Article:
November 30, 2004: Headlines: Directors - Shriver: Politics: Kansas City Star: Shriver, Schwarzenegger discuss marriage, politics in Vanity Fair

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Shriver, Schwarzenegger discuss marriage, politics in Vanity Fair

Shriver, Schwarzenegger discuss marriage, politics in Vanity Fair

Shriver, Schwarzenegger discuss marriage, politics in Vanity Fair

Shriver, Schwarzenegger discuss marriage, politics in Vanity Fair


Knight Ridder Newspapers

SACRAMENTO, Calif. - (KRT) - A year after then-candidate Arnold Schwarzenegger was accused of sexually harassing women, Maria Shriver reveals it was a "flat-out tough, painful" period in which she protected their four children by keeping the television off, the newspapers away and escaping to Cape Cod.

In a Vanity Fair cover article that features California's first couple dressed in Prada on the back of a motorcycle, Schwarzenegger says stories about his alleged groping "helped my campaign," but that he has learned his lesson about harassment.

"I now know what can be said and what can't," he tells Marie Brenner in the January issue that hits newsstands in New York Wednesday. "Now I would not even tell someone I like their outfit. It could go south."

The wide-ranging interview with California's governor and his wife, accompanied by romantic Malibu beach shots by photographer Annie Leibovitz, touches on the couple's bipartisan marriage, the burdens of being a member of a famous political family and the recall election.

The story reveals a little-known hobby of the former bodybuilder and movie star - painting - and that a portrait of Schwarzenegger in the buff by a better-known artist, LeRoy Neiman, hangs in the entrance hallway of the family's Brentwood mansion.

Schwarzenegger calls Shriver's relatives "clones" because everyone "thinks exactly the same." Shriver says that her husband "does not like to read" and that people assumed she would marry a preppy Ivy Leaguer like John Kerry.

And in case anyone questioned the couple's intimacy after Schwarzenegger joked that his Democratic wife withheld sex for 14 days after his rousing speech at the Republican Party's national convention in New York City, Shriver tells readers:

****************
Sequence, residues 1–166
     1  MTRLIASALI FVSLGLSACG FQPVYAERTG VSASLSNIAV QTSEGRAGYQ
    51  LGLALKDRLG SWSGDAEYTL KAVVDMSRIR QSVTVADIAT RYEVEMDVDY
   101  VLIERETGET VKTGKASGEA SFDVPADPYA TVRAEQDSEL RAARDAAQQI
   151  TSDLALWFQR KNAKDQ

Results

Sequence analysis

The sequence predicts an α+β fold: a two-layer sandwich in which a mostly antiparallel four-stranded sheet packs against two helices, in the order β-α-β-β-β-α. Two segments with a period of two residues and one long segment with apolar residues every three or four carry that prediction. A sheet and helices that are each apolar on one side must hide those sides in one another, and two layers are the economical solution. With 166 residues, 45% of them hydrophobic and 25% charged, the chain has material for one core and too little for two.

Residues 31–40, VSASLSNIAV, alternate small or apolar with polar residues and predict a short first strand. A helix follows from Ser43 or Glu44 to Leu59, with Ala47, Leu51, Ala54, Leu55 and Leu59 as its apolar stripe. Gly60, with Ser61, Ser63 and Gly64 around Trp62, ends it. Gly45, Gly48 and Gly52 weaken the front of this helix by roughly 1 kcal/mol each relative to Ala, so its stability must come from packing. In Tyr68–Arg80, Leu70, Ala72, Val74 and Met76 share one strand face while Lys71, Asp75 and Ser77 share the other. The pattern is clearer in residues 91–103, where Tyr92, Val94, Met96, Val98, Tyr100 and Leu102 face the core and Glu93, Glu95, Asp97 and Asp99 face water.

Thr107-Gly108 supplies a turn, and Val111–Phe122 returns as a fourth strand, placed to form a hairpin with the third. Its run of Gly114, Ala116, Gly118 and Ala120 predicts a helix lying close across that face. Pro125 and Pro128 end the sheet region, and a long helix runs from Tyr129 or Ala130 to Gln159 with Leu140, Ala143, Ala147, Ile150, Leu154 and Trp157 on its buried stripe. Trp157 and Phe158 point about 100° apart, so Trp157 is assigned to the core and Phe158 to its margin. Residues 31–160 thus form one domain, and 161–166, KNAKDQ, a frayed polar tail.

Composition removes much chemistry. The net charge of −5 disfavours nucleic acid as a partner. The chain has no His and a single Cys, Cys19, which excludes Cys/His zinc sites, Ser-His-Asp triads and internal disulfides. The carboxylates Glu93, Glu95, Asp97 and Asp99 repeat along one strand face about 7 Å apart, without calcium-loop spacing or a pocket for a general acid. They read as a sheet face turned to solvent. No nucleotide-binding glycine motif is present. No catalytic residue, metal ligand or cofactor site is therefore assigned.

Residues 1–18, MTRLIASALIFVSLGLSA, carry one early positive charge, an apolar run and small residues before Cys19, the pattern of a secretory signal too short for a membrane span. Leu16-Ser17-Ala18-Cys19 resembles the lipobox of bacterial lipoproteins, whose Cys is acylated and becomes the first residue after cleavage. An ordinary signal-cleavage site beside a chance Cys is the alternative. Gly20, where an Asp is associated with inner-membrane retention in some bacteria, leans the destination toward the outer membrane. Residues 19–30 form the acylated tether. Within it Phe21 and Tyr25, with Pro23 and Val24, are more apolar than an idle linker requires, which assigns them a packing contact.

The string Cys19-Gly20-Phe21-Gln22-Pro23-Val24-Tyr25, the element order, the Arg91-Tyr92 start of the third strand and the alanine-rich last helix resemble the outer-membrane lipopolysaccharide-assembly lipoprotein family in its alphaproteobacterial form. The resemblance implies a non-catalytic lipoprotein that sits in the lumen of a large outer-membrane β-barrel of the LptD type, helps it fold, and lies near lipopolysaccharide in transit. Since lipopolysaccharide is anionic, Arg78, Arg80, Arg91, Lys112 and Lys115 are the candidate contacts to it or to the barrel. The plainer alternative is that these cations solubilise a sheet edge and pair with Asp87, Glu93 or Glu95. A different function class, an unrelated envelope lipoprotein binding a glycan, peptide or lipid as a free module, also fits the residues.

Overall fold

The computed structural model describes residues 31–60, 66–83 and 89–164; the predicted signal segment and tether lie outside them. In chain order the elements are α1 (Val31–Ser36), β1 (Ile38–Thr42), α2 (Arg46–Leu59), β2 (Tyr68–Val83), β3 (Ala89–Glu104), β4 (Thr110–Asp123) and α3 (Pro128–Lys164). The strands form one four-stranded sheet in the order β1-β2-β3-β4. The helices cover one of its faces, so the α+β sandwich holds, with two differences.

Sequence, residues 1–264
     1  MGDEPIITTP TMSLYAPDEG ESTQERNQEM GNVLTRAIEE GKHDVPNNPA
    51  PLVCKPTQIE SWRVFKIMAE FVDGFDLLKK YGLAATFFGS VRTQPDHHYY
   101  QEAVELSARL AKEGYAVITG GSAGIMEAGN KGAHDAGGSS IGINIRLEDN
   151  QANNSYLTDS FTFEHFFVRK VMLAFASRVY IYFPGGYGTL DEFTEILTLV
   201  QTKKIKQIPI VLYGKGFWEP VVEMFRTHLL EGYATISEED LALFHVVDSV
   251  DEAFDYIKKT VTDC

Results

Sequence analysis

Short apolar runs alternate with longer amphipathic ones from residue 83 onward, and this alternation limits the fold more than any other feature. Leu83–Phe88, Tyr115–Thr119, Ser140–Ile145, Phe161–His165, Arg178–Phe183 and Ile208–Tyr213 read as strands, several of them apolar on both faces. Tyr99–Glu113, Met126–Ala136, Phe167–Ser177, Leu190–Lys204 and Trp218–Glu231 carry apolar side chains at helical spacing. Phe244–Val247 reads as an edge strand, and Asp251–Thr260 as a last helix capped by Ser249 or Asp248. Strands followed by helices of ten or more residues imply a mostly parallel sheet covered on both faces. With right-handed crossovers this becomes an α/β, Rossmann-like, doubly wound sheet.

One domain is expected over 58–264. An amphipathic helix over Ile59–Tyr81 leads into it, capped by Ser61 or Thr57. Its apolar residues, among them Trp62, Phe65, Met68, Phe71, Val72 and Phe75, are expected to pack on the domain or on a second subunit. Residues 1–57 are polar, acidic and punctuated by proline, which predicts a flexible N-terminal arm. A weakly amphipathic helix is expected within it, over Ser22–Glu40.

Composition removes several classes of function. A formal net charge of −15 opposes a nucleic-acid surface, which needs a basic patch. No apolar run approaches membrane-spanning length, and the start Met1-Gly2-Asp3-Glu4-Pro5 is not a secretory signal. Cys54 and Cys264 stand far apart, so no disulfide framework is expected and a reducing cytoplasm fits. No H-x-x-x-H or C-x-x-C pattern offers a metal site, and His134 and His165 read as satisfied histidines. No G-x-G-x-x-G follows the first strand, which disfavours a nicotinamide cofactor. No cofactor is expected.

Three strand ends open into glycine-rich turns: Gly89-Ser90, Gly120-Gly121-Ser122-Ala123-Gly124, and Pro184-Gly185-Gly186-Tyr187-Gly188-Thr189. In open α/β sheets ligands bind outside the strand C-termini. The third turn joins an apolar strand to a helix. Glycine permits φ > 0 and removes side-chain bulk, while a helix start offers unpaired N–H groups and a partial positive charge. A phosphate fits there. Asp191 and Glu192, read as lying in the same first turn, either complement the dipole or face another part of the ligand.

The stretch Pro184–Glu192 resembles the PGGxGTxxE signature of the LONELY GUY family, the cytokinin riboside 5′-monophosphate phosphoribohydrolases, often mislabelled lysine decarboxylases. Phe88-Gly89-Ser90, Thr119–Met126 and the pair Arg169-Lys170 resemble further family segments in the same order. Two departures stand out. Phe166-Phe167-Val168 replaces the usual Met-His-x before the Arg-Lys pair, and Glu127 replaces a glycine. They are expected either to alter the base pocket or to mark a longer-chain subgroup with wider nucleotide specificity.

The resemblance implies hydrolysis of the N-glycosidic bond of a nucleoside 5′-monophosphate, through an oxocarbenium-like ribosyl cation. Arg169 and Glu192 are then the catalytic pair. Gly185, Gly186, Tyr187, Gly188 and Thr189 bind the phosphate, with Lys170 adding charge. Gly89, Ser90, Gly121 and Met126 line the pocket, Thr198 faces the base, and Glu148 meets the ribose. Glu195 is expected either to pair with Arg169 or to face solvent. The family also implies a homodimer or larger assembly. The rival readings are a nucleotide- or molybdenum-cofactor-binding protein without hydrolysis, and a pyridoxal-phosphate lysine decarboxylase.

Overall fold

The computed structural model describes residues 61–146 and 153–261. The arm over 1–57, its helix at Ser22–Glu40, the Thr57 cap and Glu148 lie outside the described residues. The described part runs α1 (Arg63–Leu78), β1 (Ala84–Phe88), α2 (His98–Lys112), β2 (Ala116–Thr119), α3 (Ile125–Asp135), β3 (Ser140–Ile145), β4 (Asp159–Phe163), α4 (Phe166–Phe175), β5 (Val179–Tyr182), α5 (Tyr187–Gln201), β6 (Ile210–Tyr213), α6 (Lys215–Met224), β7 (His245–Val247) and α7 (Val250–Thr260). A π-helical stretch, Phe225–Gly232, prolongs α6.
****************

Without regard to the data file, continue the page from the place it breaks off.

"After all these years we are still engaged with each other, hot for each other, into each other. There hasn't been a moment when I have been bored," she said. "All of my friends say, `I want what you and Arnold have.'"

But she says their 18-year marriage has taken work, and the article traces some of the difficult decisions and situations leading up to last fall's recall election.

Shriver, who grew up watching her uncles Jack, Bobby and Ted Kennedy, plan their runs for president, and the failed vice presidential bid of her father, Sargent Shriver, said she worried about the invasion of her family's privacy.

"I did not like politics. I did not like the all-encompassing part of it," the former network television news reporter said.

Still, in the final days before Schwarzenegger announced his candidacy on "The Tonight Show with Jay Leno," Shriver said she was encouraging her husband to run.

Then, just days before the Oct.7 recall election, the Los Angeles Times reported that 16 women said Schwarzenegger had groped or harassed them over a 25-year period. Schwarzenegger, who publicly apologized at the time, says in the "Vanity Fair" article that his poll numbers went up after the stories appeared because voters viewed them as politically motivated.

"Each time they came out with a story, it helped my campaign! It was just a matter of O.K., keep writing," he said.

It was then that Shriver took their children to Cape Cod and "got them out of this thing." She did not talk with the children - ages 7 to 15 - about the details of the allegations, but told them "some of it is true, some of it is not true. If you have any questions you should feel comfortable to talk to me about it."

When asked if she ever wondered if the women's stories were true, Shriver responded:

"You have to know your own truth. You have to know the person in front of you. You have to be able to separate what your reality is, what other people's perceptions are," she said. "You have to go on with your life. It is your life, your marriage, your experience."

And how she copes with such adversity?

"I fight. I think, with everything, it goes back to struggle. You have to struggle in every aspect of your life," she said.

Shriver first met her husband in 1977 at a Robert F. Kennedy charity tennis tournament in which Schwarzenegger was playing. She was looking for someone independent from the East Coast preppies she'd been surrounded by her entire life. She found that in Schwarzenegger, whom she called "an explosion of fresh air."

"I wanted out of that suffocation. I wanted someone different. I married my authentic self."

"This is what she fell in love with - me," Schwarzenegger said. "This is the way I am - outrageous, out there. And it comes with things that are not all rosy."


© 2004, San Jose Mercury News (San Jose, Calif.).

Visit, the World Wide Web site of the Mercury News, at

Distributed by Knight Ridder/Tribune Information Services.

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Story Source: Kansas City Star

This story has been posted in the following forums: : Headlines; Directors - Shriver; Politics



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